Special Report

10 Deadliest Diseases in the World

3. COPD
> Deaths in 2012:
3.1 million
> Deaths in 2000: 3.1 million
> Share of global deaths: 5.6%

Chronic obstructive pulmonary disorder refers to any chronic lung disease that disrupts the airflow to the lungs. The primary risk factors of COPD are tobacco smoking and air pollution. The disease is typically diagnosed in individuals 40 years old or older, worsens over time, and is not curable. The primary causes of COPD vary by geography. In high- and middle-income countries, tobacco is the main risk factor, while in low-income countries exposure to pollution, particularly from indoor sources like low quality kitchen facilities, is the main risk factor. An estimated 64 million people worldwide have COPD, and 3.1 million died from it in 2012. While this is the same death toll as in 2000, deaths are expected to increase in the future.

2. Stroke
> Deaths in 2012:
6.7 million
> Deaths in 2000: 5.7 million
> Share of global deaths: 11.9%

Strokes are caused by an interruption of the blood supply to the brain. The temporary lack of oxygen and nutrients damage the brain tissue, and in some cases this can be fatal. Like many cardiovascular diseases, the risk of stroke can often be reduced. A healthy diet, frequent exercise, monitoring blood pressure levels, and abstaining from tobacco use will lower the likelihood of stroke. Stroke is the leading cause of death in upper-middle income countries, where it causes 126 deaths per every 100,000 people. The disease is even more common in low- and middle-income countries, where three out of every four cardiovascular mortalities are reported.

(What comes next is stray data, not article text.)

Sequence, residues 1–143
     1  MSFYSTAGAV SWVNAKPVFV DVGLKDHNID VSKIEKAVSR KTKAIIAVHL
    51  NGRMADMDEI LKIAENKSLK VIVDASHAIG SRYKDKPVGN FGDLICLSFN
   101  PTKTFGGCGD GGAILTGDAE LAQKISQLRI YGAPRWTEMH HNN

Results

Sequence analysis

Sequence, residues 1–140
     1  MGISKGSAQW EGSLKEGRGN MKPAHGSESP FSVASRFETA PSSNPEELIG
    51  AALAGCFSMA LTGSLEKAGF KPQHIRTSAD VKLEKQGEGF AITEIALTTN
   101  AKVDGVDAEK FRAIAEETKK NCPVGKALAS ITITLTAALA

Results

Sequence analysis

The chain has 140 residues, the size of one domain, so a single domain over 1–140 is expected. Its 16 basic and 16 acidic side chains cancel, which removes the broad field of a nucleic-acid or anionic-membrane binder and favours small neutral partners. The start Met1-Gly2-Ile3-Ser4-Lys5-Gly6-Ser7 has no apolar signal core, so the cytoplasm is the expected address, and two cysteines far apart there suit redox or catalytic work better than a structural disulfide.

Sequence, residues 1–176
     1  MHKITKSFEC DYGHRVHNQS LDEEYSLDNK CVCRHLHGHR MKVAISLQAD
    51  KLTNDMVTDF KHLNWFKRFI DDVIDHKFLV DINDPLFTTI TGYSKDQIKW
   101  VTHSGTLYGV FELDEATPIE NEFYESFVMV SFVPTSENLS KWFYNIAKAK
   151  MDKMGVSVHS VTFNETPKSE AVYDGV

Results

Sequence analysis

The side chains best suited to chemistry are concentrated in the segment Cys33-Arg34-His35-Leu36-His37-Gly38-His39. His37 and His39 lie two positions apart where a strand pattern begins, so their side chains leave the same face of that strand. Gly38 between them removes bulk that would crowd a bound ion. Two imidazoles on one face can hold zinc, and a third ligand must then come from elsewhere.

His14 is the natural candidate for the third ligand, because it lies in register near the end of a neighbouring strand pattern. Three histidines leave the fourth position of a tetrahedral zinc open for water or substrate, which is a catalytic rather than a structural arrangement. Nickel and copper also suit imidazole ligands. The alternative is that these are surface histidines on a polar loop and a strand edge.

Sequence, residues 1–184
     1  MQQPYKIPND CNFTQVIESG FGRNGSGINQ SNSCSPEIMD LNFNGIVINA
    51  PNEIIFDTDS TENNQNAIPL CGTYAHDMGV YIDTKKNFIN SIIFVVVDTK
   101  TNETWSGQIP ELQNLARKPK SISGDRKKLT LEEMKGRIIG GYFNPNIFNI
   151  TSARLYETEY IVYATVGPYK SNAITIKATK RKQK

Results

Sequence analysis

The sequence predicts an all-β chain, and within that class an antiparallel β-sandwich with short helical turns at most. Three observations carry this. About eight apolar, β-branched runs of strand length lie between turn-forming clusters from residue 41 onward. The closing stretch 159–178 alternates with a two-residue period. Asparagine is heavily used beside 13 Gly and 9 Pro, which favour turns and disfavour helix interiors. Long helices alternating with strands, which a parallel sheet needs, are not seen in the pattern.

1. Ischaemic heart disease
> Deaths in 2012:
7.4 million
> Deaths in 2000: 6.0 million
> Share of global deaths: 13.2%

Across the globe, no disease causes more deaths than ischaemic heart disease. Ischemia is a condition in which the heart arteries narrow, and the flow of blood and oxygen to the heart becomes limited. Ischaemic heart disease, also known as coronary heart disease, accounts for more than two in every five cardiovascular deaths worldwide. Heart diseases can often be prevented. Healthy eating, physical activity, and abstaining from tobacco use can lower an individual’s risk of cardiovascular disease. The highest cardiovascular mortality rates are found in Eastern European countries. In Turkmenistan, 712 people per 100,000 die from heart diseases such as ischaemic heart attack and stroke, the highest cardiovascular death rate of any country. Across the globe, 7.4 million people died of ischaemic heart disease in 2012, up from 6 million in 2000.

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